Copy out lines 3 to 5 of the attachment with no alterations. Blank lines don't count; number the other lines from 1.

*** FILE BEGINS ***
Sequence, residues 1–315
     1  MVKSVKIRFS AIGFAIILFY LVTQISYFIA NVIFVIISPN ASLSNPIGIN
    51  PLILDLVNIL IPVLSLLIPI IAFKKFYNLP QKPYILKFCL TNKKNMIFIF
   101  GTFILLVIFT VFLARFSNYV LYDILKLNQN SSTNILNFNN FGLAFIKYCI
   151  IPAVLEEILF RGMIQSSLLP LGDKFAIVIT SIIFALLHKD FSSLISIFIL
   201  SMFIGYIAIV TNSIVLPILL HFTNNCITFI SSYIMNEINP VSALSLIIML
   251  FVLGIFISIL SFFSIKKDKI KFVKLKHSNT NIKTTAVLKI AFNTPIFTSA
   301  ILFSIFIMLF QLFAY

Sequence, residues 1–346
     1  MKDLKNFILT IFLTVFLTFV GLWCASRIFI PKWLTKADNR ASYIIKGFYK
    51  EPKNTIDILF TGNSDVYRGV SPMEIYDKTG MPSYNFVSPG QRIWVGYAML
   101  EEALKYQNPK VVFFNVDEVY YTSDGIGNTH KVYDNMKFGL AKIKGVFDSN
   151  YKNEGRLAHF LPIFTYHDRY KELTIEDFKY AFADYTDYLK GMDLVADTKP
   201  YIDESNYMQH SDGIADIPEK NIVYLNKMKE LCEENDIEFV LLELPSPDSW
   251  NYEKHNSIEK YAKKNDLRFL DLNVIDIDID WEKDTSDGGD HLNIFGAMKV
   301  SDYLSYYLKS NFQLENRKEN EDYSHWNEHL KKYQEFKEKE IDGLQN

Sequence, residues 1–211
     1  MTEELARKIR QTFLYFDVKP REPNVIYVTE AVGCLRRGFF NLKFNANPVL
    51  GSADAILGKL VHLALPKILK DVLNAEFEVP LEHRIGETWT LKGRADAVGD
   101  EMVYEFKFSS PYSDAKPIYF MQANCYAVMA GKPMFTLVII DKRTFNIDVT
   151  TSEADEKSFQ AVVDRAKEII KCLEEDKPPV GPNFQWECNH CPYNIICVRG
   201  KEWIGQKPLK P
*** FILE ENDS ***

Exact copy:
    51  PLILDLVNIL IPVLSLLIPI IAFKKFYNLP QKPYILKFCL TNKKNMIFIF
   101  GTFILLVIFT VFLARFSNYV LYDILKLNQN SSTNILNFNN FGLAFIKYCI
   151  IPAVLEEILF RGMIQSSLLP LGDKFAIVIT SIIFALLHKD FSSLISIFIL